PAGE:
“Shit. What the hell is this?” Keith said, breathing rapidly. Almost hyperventilating.
            “You’re in Alternate law. Just fly what you’ve got.” But he had a death grip on the stick and worked it hard. “Just little pressures to keep her level. You’re not whacking off, just flying a plane.” 
            “What about our power? I…I think the autothrust is off.” The plane bounced and rocked.
            “Don’t rock the wings, you’re inducing instability,” she said. “Your autothrust is off. Don’t worry.” 

Today I'm in Atlanta doing a recency. Tomorrow we'll talk about Positive Dynamic Stability and answer the questions below.

Test your A330 (and story) knowledge:
  1. Why did they get a stall warning if they weren't stalling?
  2. Why did the plane stay pointed up if Keith put the controls back to Neutral?
  3. Why is it easier to stall an Airbus while in Alternate Law, than a Boeing?
  4. Why is it easier to stall a Boeing than a Airbus in Normal Law? 
  5. Why did Darby say put the plane on the 3 degree line?
  6. What was that ding, and how can they make it stop?
  7. Why didn't Keith have to worry about the autothrust being off?
  8. Is Darby a Captain or First Officer?

Enjoy the Journey!  Remember to get your copy of Flight For Control so you'll be ready for the continuation of the drama...

Please take a moment to LIKE my Facebook page and see what is in store for 2025! 
XO Karlene 
NOTE: Bill Palmer: A330 Check Airman who wrote the systems manuals for the A330. He has a book coming soon that you won't want to miss. Until then follow him on Facebook: And Twitter @WFPalmer  Whenever I have a technical question... he's my go to guy, and yours too.   


  1. Hoooo! I can't wait for the book to come out!
    Okay, to the questions that I don't know the answers but I'll give it a try:
    1- They got the stall warning because the aircraft use as a reference the Indicated Airspeed, which needs the pitot tube to offer data. The pitot tube (and/or the static port) got frozen because of the water molecules of high altitudes (I forgot the name), but they are extremely dangerous and turns to ice when in contact with a solid surface. They weren't stalling, she came to this conclusion because she trusted on the ground speed indicator data offered by the GPS.

    2- The aircraft trims to relieve elevator pressure for no matter pitch attitude the pilot wanted without a pilot's help. I think this answer is in the teaser, so I copied and pasted, plus it makes sense. There are clear examples in daily circumstances that justifies this reaction.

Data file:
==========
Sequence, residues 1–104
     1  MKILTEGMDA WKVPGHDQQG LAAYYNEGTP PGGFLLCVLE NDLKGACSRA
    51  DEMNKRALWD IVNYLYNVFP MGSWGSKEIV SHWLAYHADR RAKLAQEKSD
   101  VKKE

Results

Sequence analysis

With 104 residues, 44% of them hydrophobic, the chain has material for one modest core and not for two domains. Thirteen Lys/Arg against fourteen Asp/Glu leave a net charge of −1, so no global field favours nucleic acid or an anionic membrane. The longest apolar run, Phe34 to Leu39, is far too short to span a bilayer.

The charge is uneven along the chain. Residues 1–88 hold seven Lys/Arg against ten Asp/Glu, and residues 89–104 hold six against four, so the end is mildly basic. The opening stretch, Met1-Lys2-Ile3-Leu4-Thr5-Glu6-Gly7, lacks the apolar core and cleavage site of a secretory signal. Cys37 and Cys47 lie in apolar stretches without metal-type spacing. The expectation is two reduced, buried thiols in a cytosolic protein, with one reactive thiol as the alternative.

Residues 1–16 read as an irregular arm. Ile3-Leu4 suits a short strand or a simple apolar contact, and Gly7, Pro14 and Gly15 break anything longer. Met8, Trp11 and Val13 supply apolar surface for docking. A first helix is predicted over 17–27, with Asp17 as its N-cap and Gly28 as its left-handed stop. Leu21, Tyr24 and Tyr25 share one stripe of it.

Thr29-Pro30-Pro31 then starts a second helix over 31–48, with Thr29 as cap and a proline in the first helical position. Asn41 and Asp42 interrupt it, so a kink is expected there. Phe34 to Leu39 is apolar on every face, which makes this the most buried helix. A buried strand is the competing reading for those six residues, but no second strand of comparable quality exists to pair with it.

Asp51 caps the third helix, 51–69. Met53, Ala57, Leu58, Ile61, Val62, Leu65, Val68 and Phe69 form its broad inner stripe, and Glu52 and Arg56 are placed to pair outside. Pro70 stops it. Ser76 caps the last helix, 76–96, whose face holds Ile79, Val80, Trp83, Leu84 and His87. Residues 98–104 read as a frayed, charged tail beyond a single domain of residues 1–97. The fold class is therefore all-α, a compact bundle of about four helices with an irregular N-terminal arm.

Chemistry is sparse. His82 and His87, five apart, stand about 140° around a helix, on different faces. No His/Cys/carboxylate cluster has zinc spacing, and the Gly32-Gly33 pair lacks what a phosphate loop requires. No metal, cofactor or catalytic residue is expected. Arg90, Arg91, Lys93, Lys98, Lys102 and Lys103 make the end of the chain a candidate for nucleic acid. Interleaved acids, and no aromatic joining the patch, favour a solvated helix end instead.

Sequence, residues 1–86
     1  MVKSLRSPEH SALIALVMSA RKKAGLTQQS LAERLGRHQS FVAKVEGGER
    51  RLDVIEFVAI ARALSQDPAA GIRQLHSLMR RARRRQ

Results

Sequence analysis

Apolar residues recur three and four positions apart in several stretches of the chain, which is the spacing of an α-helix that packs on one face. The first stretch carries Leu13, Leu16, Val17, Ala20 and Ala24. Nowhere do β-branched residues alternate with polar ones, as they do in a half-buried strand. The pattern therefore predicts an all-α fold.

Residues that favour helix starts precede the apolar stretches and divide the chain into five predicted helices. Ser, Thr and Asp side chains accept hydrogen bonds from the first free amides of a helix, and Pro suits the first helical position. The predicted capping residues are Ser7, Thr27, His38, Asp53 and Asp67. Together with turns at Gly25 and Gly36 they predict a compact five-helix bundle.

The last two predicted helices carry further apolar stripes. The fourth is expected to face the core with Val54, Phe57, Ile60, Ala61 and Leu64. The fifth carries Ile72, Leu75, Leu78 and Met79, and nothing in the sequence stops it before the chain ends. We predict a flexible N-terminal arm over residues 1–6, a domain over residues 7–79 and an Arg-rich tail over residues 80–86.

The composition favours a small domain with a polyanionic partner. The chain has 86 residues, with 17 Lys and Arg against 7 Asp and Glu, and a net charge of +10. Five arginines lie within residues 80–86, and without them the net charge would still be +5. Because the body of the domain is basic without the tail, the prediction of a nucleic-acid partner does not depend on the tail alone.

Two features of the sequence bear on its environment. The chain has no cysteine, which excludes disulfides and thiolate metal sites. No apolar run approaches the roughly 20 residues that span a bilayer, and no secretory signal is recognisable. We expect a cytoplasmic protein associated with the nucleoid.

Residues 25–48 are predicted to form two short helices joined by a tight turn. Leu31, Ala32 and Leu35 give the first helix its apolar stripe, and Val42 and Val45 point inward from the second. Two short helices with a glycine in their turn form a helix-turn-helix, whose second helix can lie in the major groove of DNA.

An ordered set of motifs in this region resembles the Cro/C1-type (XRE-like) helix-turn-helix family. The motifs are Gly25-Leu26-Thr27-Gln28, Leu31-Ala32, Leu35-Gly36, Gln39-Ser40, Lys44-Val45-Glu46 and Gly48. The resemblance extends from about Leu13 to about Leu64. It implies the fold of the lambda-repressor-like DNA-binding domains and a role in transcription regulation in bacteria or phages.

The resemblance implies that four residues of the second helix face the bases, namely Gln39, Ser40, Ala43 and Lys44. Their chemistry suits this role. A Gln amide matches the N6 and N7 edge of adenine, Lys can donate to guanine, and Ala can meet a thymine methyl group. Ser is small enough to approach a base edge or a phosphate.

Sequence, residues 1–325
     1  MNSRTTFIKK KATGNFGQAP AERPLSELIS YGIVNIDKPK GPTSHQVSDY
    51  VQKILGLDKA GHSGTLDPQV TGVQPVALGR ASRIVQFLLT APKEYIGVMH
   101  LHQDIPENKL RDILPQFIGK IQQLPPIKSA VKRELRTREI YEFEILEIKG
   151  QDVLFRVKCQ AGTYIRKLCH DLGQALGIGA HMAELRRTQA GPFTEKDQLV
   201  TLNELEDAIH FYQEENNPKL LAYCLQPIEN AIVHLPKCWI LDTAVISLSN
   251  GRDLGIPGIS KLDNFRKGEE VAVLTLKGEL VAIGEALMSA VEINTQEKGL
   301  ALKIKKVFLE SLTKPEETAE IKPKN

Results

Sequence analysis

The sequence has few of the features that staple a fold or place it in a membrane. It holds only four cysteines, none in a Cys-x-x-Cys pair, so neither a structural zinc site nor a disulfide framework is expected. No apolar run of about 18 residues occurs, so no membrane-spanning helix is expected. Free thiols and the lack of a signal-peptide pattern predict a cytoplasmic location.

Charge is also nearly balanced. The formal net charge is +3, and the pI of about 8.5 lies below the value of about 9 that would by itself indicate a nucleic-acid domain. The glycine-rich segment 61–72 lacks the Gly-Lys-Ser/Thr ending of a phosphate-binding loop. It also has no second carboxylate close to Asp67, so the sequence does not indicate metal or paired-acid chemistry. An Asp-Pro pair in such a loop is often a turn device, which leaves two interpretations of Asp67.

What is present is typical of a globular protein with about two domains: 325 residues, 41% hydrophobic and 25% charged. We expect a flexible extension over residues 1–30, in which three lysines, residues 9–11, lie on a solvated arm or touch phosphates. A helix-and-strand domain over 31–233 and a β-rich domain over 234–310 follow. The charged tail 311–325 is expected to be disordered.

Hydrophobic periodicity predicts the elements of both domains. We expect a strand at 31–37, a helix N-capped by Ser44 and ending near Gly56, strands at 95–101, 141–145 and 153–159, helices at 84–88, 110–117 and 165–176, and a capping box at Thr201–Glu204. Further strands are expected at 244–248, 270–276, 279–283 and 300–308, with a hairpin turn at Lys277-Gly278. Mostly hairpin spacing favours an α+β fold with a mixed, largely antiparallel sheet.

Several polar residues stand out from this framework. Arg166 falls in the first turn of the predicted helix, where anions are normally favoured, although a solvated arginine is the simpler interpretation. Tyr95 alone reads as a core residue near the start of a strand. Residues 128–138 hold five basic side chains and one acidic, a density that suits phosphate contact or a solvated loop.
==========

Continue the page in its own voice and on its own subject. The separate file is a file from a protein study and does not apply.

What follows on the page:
3- I don't know. I have thoughts, but they are confused.

    4- I don't know. I have thoughts, but they are confused.

    5- If they weren't stalling, they were climbing, and if they continued to climb, they would stall because the ground speed would obviously decrease and the engines would not generate enough thrust due to low air pressure (high altitude - cruising altitude). It is possible to discover they were at around 36.000ft due to the high altitude water molecules that can only be found in unstable areas at very high altitudes. Darby had to bring down to 3 degrees because she obviously need to level off and continue to fly.

    6- The "Ding" is a warning indicating the autothrust have been disconnected. They need to acknowledge by pressing the autothrust button or changing the power setting on the thrust levers.

    7- Because their "N1" was set to maintain their speed and they didn't have to increase or decrease power to backup their speed. Actually, the ground speed indicator changed its indications because of the pitch was altered for a while... It decreased, but the thrust levers remained in the last setting, so I will go for the "N1" cofig. Just guessing. lol

    8- Darby is a Captain. You can clearly see she has 4 stripes in this teaser. Keith was the FO and was depending on Darby's decisions. Probably he was training. But on Flight For Control, there is chapter that says Darby is a CA.

    I love Darby, she is great! And my responses are only thoughts.

    Karlene, I love this post! Another great one!

    1. Alex, thanks for the great comment and your answers (thoughts)... totally awesome. One will surprise you! You will see more of Darby very soon!

  2. Liked your page! Exciting excerpt, sounds like a challenging simulation!

    1. The really scary thing... is this is what really happens in the plane when the pitot tube gets clogged. The plane is super stable, but the pilot can easily make unstable by stick movement.

  3. hi Karlene..
    Now I really want and need to read this book. I loved reading Flight For Control, a very interesting story, imagine things like that really happening in real life.
    Iam not a pilot nor an airline person, but since to met Karlene I am following the airline industry and what is happening in it with great interest.
    You simply got to love Darby, she is really one of the best, dedicated to being a pilot.